Environmental Sciences
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Environmental Sciences Experts

Katelyn Lawson

Researcher
Fish Biology
The U.S. Geological Survey
United States Virgin Islands

Biography

Katelyn is a Research Fish Biologist at the Columbia Environmental Research Center. She attended Auburn University where she received her Bachelor of Science degree in Zoology and Master of Science degree in Fisheries. Her research at Auburn focused on the long- and short-term effects of water availability and land use change on fish assemblage composition in tributaries of the Chattahoochee River. She is currently a PhD candidate in Fisheries and Aquatic Sciences at the University of Florida and her dissertation research evaluates the use of life history traits to predict successful completion of the invasion process by non-native freshwater fishes in Florida. Since joining USGS, she has worked on projects that investigate the use of sound, chemical, and food stimuli for Asian Carp control. Current projects include testing the use of sound to herd Carp into an area for more efficient removal, and testing the use of food attractants to concentrate fish in an area for more efficient removal, higher detection probability, and for targeted microparticle delivery.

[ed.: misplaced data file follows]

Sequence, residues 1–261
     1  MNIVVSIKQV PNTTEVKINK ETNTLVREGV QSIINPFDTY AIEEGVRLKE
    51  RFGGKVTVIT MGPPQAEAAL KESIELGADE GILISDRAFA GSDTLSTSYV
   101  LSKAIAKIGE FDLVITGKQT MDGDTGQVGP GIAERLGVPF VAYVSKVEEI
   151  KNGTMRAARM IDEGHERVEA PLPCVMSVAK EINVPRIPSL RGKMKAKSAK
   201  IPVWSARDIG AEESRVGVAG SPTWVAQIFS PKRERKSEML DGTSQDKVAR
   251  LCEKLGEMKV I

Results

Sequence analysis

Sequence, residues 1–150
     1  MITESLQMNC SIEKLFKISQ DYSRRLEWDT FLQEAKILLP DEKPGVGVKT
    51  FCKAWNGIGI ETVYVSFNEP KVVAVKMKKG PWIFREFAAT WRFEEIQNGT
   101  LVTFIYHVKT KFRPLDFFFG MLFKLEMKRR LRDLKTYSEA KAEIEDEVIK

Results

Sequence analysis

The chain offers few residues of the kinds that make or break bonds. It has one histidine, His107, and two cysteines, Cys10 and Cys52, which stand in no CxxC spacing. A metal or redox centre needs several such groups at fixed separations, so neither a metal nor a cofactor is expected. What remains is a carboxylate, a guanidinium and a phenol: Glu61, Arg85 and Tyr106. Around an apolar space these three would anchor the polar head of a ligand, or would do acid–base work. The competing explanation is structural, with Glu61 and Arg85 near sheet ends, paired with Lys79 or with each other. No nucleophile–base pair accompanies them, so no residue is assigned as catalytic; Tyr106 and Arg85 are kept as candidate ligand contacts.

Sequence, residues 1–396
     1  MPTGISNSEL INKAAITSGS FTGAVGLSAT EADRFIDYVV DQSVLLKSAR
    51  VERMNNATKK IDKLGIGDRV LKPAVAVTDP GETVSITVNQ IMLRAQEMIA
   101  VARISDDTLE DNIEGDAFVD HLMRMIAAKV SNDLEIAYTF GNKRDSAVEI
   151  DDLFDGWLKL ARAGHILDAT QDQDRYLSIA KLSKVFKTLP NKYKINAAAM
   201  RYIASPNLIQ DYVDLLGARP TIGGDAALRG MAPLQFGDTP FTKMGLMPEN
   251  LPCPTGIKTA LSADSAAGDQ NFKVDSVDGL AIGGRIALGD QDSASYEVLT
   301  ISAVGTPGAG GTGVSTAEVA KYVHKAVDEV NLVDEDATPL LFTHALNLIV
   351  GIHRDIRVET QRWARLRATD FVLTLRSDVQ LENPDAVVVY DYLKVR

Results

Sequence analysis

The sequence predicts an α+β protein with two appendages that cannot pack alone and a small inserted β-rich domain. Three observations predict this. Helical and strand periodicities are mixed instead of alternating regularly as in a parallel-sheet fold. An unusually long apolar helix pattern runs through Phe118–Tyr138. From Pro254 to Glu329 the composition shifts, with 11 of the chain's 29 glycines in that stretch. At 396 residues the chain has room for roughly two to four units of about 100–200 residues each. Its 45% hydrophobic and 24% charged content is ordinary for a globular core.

Research Interest

Fish Biology

Publications

  • The role of flow dependency and water availability in fish assemblage homogenization in tributaries of the Chattahoochee River, Alabama, USA Lawson, K.M., and Johnston, C.E., 2016, The role of flow dependency and water availability in fish assemblage homogenization in tributaries of the Chattahoochee River, Alabama, USA: Ecology of Freshwater Fish, v. 25, no. 4, p. 631-641

  • Landscape-scale survey of non-native fishes near ornamental aquaculture facilities in Florida, USA Tuckett, Q.M., Ritch, J.L., Lawson, K.M., and Hill, J.E., 2017, Landscape-scale survey of non-native fishes near ornamental aquaculture facilities in Florida, USA: Biological Invasions, v. 19, no. 1, p. 223-237

  • First record of a reproducing population of the African clawed frog Xenopus laevis Daudin, 1802 in Florida (USA),Hill, J.E., Lawson, K.M., and Tuckett, Q.M., 2017, First record of a reproducing population of the African clawed frog Xenopus laevis Daudin, 1802 in Florida (USA): BioInvasions Record, v. 6, no. 1, p. 87–94

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